Yemen child soldiers
As of March 2015, the United Nations has confirmed that at least 2,369 children have been recruited as Yemen child soldiers. Some of these children are engaged in active combat.

Child recruits in the Middle East and North Africa have doubled within a year as of 2017. According to southern Yemeni officials, there may be as many as 6,000 child soldiers throughout the country and 20,000 are in need of war rehabilitation. The situation in Yemen has been called the world’s worst humanitarian crisis, with 18.8 million people needing aid and seven million going hungry.

The United Nations has argued that children and young people are receiving the worst of the conflict’s repercussions. The organization claims Houthis were responsible for 359 of 517 cases of Yemen child soldiers in 2016; 76 were recruited by government-backed groups like the Popular Resistance and the coalition. Others were recruited by Al Qaeda and its associated groups.

The Yemen conflict was set in motion in 2014 when the northern Shiite Muslim rebels, or the Houthis, allied themselves with the military and took over the Yemeni capital of Sana and other cities due to discontent with the government and president. In retaliation for the Houthis’ strike against the government, Saudi Arabia and other Arab nations became involved in the conflict.

Since 2015, Saudi airstrikes have been led in an attempt to restore President Abdrabbuh Mansour Hadi to power. The Houthis, backed by Iran, and the Saudis, backed by the U.S., U.K. and France, effectively tore the country apart with their fighting, splitting it between the north and the south.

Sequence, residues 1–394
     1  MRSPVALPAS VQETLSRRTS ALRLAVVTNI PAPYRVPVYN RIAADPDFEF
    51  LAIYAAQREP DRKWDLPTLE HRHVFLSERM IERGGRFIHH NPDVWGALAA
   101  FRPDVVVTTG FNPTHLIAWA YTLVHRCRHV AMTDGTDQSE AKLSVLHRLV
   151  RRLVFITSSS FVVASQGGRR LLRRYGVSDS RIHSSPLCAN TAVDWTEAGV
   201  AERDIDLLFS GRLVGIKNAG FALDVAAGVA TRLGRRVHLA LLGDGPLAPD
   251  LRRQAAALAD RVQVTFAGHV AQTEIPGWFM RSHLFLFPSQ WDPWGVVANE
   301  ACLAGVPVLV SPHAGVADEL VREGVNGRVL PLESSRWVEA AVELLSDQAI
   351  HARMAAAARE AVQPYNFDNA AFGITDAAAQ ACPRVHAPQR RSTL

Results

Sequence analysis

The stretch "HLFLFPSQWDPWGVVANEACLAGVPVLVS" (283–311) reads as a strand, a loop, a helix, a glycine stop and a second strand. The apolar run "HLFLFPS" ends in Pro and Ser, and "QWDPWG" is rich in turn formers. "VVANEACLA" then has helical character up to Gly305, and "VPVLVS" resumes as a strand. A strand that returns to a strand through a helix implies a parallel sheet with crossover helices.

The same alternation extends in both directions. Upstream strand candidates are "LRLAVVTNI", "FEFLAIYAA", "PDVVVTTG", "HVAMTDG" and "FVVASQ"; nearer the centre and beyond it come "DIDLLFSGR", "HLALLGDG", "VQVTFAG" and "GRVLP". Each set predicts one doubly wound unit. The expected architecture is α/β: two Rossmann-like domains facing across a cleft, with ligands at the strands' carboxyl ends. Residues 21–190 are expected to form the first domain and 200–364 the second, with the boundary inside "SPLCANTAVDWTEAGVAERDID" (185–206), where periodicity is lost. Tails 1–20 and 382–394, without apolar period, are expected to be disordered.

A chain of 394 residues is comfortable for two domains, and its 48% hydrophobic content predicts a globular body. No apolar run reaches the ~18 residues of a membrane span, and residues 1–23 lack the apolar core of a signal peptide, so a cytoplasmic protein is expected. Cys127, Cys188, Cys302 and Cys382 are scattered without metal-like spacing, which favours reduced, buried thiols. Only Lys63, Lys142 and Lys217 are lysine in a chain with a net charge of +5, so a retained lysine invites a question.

In some ways, the destruction and conflict have forced families to view their children as valuable resources. The child soldiers’ pay of $55 every three months may be necessary to keep the family afloat, while female children are married off in exchange for a dowry. Furthermore, recruits are given a hot meal daily; 47 percent of Yemeni children suffer from stunting due to malnourishment.

The Houthis have promised monthly allowances of $80-120 to the families of child soldiers in the event that their children were to die. The group will print posters in memory of fallen Yemen child soldiers, as well.

Continuous violence and destroyed infrastructure puts civilians, and especially children, in a precarious situation.“With no end in sight to these conflicts and with families’ dwindling financial resources, many have no choice but to send their children to work or marry their daughters early,” UNICEF’s Regional Director Geert Cappelaere explained to The Guardian.

In 2014, the Yemeni government signed an action plan with the U.N. that contained a list of stipulations to ensure that there would be no more use of child soldiers. Unfortunately, progress on this front has been stalled due to the conflict and the issue of Yemen child soldiers has not yet been resolved.

Still, organizations like U.N. relief agencies continue to help where they can. “We remain committed to helping the people of Yemen. We have reached nearly six million people with clean water, distributed 3.7 million liters of fuel to public hospitals [and] treated more than 167,000 children for severe acute malnutrition,” U.N. leaders conveyed.

– Camille Wilson

Photo: Flickr